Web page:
Gyorgy Szabad: Historian who survived the Holocaust and took part in the talks that led to the end of Hungarian communism

He was one of the founders of the centre-right Democratic Forum party, which won the country's first democratic elections in 1990

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The Independent Online

Gyorgy Szabad, who has died at the age of 90, was a historian who survived forced labour during the Holocaust to become the Speaker of the Hungarian National Assembly. A university history professor, and a Member of the National Assembly from 1990-98, he also played a key role in the negotiations in 1989 and 1990 which led to the end of Hungary's communist regime.

He was one of the founders of the centre-right Hungarian Democratic Forum (MDF) party, which won the country's first democratic elections in 1990 and formed a coalition government with two other right-wing parties. After becoming an MP that year, he became a deputy speaker of Parliament and, some months later, was elected Speaker, serving until 1994. His areas of historical expertise included Hungarian economic and social history and the development of the country's middle class.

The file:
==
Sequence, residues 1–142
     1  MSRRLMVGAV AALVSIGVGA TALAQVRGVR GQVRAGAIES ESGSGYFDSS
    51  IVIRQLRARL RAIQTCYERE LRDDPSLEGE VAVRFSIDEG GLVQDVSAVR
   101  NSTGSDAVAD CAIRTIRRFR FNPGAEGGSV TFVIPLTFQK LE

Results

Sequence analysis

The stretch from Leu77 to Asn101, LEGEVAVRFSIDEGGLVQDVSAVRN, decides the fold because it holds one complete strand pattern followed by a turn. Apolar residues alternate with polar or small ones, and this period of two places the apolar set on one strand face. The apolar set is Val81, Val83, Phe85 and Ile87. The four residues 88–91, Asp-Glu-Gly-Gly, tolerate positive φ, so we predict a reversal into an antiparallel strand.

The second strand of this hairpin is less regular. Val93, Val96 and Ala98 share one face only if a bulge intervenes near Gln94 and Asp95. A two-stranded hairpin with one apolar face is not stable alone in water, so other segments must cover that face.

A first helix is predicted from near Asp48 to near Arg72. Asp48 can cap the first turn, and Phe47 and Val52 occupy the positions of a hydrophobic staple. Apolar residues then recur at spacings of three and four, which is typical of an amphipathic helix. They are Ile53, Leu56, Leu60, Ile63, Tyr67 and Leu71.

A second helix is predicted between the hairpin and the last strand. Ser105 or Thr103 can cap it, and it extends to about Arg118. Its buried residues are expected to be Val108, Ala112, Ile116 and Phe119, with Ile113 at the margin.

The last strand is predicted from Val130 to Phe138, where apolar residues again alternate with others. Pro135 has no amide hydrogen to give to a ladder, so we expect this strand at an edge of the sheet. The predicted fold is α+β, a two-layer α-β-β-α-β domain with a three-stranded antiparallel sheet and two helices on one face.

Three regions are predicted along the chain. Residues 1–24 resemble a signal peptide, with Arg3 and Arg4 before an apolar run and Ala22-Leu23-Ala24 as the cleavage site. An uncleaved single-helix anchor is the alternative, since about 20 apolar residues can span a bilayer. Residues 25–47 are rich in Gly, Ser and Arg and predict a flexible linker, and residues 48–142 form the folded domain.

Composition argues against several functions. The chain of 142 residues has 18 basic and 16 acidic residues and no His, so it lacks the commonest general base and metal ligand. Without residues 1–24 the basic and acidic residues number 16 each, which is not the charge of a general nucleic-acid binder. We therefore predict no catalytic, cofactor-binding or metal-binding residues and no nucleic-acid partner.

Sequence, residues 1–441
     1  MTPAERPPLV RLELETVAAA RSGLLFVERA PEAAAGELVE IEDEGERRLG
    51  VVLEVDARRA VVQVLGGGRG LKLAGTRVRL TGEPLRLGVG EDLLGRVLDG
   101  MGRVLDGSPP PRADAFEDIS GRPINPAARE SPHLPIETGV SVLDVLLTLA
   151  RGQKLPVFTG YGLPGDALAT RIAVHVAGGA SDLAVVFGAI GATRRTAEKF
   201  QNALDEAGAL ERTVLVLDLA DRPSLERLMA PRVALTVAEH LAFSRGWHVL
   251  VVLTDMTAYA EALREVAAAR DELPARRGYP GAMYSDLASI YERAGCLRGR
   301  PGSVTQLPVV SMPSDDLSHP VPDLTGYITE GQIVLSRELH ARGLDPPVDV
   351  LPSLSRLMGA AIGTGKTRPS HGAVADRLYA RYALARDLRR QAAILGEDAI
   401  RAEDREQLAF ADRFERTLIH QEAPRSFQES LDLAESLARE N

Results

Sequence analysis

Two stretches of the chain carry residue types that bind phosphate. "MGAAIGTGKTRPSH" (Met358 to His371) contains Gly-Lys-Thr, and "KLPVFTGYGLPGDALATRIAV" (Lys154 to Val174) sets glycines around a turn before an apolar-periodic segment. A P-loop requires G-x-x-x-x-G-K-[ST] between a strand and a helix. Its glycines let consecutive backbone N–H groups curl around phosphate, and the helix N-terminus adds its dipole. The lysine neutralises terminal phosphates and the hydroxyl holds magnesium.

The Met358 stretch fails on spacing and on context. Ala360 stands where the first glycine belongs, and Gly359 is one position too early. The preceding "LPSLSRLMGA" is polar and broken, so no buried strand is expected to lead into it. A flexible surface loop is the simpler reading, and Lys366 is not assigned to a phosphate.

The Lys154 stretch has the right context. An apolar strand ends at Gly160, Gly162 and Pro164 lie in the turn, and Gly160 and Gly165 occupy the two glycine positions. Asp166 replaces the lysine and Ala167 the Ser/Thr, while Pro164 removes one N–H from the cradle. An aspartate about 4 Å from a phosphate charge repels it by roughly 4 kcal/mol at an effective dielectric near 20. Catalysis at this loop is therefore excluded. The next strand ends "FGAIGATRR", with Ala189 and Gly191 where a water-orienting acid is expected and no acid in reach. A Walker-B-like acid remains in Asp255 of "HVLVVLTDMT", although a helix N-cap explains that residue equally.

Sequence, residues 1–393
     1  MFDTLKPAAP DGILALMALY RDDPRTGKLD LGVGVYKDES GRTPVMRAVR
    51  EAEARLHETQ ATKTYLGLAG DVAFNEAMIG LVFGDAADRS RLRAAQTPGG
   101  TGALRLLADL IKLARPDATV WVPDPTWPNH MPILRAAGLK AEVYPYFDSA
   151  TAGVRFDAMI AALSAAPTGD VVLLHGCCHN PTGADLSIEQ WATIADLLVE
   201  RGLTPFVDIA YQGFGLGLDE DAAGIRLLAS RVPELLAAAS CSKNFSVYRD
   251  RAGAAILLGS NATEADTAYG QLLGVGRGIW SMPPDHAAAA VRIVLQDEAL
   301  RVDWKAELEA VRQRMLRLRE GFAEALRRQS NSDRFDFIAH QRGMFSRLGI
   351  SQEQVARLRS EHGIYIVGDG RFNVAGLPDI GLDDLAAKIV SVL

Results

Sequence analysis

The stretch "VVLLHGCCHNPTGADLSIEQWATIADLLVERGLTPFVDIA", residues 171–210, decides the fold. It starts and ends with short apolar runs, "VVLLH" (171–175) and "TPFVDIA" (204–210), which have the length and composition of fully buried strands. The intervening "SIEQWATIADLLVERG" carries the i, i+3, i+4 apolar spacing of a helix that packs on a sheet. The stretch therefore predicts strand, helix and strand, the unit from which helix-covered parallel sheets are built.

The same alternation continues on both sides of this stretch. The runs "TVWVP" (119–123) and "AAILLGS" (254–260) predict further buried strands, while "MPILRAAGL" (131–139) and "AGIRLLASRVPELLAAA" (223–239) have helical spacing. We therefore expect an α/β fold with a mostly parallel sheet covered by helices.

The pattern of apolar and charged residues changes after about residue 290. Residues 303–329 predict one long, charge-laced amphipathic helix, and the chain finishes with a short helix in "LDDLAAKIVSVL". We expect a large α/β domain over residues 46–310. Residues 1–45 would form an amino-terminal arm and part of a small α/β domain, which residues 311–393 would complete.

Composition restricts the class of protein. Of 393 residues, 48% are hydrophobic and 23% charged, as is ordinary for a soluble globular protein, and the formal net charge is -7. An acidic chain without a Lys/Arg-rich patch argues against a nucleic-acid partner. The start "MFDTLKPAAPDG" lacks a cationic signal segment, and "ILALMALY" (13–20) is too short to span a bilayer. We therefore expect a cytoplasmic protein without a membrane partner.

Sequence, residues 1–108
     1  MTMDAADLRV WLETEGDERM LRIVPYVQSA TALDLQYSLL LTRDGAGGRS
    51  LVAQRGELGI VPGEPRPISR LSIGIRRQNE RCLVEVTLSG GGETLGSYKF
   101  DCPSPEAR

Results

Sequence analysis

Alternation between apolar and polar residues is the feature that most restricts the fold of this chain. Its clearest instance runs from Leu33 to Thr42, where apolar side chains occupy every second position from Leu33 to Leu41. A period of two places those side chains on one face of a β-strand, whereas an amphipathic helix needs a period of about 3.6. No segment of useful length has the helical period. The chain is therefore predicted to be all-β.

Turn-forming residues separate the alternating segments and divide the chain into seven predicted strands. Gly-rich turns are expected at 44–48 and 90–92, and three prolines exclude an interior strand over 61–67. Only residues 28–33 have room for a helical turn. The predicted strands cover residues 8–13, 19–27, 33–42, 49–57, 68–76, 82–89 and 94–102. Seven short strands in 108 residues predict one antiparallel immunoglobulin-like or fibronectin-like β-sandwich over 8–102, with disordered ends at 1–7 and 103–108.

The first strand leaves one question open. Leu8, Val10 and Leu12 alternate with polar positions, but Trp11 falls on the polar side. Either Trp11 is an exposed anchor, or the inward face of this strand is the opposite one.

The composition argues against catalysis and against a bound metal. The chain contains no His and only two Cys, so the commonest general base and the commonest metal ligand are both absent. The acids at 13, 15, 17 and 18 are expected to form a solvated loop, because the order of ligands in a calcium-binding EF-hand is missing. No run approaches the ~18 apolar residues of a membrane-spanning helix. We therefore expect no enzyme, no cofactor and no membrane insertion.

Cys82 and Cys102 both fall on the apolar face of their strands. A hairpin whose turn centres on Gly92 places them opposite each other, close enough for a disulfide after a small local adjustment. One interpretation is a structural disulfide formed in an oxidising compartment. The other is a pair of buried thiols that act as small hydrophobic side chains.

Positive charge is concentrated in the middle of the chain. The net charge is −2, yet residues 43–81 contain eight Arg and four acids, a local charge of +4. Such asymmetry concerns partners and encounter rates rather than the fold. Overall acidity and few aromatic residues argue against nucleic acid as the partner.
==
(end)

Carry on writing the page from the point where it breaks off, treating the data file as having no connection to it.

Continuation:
Szabad was "one of the leading figures of national thought and the new Hungarian democracy," said a joint statement from President Janos Ader, Prime Minister Viktor Orban and Parliamentary Speaker Laszlo Kover.

Szabad was born into a Hungarian-Jewish family in Arad, Romania, in 1924, and moved to Budapest as a child. His university application was rejected because of a Hungarian policy which limited the number of Jews in higher education. Instead, he worked for a time as an apprentice gardener. In October 1944 he escaped from a forced labour brigade, to which many Hungarian Jewish men were sent during the Holocaust. In 1945 he was captured by Soviet troops for more forced labour, but again was able to escape.

Gyorgy Szabad, historian and politician: married twice (one daughter); born Arad, Romania 4 August 1924; died 3 July 2015.

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